You are here: Home > Mexican Culture > Flying High in Mexico City

Flying High in Mexico City

by planetnomad on June 18, 2010

Men clad in kaleidoscope-like colors-Check!

Men suspended and spinning from a pole rivaling the height of a 10-story building-Check!

Men performing a centuries-old Totonac tradition-Check!

All performed in Mexico City’s Chapultepec Park-Check!

I was fortunate enough to witness this in Mexico City a few years back and still recall my flat-out amazement for such an exhibition of thrill and tradition.  Sure, I had seen other indigenous rituals and cultural performances throughout Mexico, but never like this!  Like the time I saw the daily Aztec dancing in Mexico City’s zocalo, or the Jarana dancing in Merida’s Plaza Mayor.  All impressive, no doubt!  But, to see “Los Voladores” in Chapultepec Park is to add to your cultural cache while being transfixed simultaneously.  It’s a win-win!

Los Voladores in Chapultepec Park, Mexico City D.F.

Los Voladores, or literally, “the flyers”, perform their ritual several times daily to mimic a long-standing tradition rooted in the Totonac culture.  They begin by climbing, one by one, until all five are atop and ready to call forth the god of fertility as some versions claim.  They also claim that this ritual was performed as a plea to ending an extended drought that was prevalent at the time.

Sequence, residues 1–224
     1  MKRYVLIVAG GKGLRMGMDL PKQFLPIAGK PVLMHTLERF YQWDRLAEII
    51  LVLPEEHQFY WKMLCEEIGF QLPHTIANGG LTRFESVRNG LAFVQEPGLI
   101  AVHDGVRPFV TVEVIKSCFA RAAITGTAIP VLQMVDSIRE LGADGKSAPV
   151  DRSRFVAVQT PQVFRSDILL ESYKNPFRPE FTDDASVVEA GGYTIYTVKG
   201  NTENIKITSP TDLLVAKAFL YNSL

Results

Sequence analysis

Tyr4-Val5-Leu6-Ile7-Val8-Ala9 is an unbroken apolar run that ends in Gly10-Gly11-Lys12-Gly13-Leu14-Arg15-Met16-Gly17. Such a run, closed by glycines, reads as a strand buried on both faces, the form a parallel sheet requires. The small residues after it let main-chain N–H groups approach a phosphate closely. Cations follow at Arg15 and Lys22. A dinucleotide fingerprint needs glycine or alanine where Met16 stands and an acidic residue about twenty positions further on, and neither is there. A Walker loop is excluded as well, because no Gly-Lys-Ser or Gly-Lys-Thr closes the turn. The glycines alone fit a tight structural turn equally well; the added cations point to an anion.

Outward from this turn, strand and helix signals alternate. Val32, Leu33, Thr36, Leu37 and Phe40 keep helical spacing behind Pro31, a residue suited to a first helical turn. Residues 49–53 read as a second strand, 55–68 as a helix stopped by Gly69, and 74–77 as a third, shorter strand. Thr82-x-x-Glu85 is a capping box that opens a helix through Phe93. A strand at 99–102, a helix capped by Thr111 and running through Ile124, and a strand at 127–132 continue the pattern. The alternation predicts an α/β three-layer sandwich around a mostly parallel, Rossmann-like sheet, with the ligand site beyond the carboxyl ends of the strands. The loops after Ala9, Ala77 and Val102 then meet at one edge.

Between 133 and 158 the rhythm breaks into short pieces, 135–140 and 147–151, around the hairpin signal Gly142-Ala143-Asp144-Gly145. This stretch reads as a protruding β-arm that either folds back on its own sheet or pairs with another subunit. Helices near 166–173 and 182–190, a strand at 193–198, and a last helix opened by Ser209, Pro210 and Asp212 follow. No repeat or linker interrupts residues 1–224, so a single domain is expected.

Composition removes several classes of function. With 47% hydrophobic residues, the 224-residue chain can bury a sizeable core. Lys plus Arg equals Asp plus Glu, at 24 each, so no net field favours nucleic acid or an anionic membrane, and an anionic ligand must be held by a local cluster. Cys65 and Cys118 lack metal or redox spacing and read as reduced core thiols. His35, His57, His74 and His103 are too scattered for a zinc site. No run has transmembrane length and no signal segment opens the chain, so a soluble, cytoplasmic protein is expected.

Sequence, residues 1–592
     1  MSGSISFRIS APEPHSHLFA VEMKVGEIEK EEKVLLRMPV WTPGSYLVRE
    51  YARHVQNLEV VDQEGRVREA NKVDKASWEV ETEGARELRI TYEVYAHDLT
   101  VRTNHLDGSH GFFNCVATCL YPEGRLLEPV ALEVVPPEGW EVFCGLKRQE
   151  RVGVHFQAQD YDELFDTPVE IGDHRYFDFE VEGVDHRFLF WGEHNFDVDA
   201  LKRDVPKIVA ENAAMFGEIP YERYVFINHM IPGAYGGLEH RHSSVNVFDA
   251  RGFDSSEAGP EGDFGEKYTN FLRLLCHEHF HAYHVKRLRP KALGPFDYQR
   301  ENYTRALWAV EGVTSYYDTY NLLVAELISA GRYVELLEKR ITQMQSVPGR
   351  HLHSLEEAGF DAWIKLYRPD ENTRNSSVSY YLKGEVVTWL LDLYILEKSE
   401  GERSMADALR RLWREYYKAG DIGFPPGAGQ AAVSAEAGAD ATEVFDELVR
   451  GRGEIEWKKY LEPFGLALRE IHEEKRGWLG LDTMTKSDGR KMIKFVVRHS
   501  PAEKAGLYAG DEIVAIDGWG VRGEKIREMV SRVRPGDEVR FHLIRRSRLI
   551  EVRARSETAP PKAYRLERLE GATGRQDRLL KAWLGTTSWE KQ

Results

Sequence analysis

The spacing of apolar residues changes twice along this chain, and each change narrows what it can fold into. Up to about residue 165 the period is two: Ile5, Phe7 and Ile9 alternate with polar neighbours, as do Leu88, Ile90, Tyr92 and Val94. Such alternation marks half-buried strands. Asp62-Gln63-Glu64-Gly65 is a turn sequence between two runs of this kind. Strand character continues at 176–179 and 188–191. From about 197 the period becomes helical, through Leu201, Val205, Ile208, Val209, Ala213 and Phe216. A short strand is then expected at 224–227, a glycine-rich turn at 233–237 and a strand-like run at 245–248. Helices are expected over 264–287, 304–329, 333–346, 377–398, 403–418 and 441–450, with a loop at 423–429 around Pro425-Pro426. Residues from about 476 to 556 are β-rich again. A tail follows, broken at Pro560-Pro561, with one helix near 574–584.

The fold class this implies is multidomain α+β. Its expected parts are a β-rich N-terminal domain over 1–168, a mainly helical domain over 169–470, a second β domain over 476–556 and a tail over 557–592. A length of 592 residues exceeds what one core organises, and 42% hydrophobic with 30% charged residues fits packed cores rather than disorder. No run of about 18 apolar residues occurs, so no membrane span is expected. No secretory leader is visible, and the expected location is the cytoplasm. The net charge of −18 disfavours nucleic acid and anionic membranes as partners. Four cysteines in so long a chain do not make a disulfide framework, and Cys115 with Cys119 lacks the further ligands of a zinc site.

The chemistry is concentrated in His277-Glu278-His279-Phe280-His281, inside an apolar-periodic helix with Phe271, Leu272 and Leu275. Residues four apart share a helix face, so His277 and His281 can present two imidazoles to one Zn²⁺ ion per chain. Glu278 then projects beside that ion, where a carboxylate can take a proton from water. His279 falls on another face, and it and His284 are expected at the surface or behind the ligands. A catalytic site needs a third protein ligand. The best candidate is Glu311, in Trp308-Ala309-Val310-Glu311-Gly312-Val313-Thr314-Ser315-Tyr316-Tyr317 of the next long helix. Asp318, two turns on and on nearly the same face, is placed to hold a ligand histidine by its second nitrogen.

While four of the members ready themselves by strapping ropes to their waists and looping them around their feet, the fifth member steadies himself on the square frame from which he will “coordinate” the process by clouding the acoustics with his lyrical flute-playing. Once things are in place, the four men suspend themselves head-first and begin whirling about, orbiting the pole as they descend.  All four will eventually circle the pole 13 times, which, if multiplied by each of the four, equals 52 to neatly coincide with the number of weeks in the ancient calendar year.

Though this captivating ritual is performed at various places throughout Mexico, including its birthplace of Papantla, Veracruz, this one in Mexico City’s Chapultepec Park is a must stop and well worth the visit.  It can be seen multiple times daily for free, but donations are encouraged.

A quick note:  Inspiration for this short piece came from a fellow blogger and friend, Ashley, at No Onions Extra Pickles who once asked me about “My Mexico pic of the day” which I posted on Twitter.  The photo happened to be about….you guessed it!  Los Voladores!

Bookmark and Share

{ 6 comments… read them below or add one }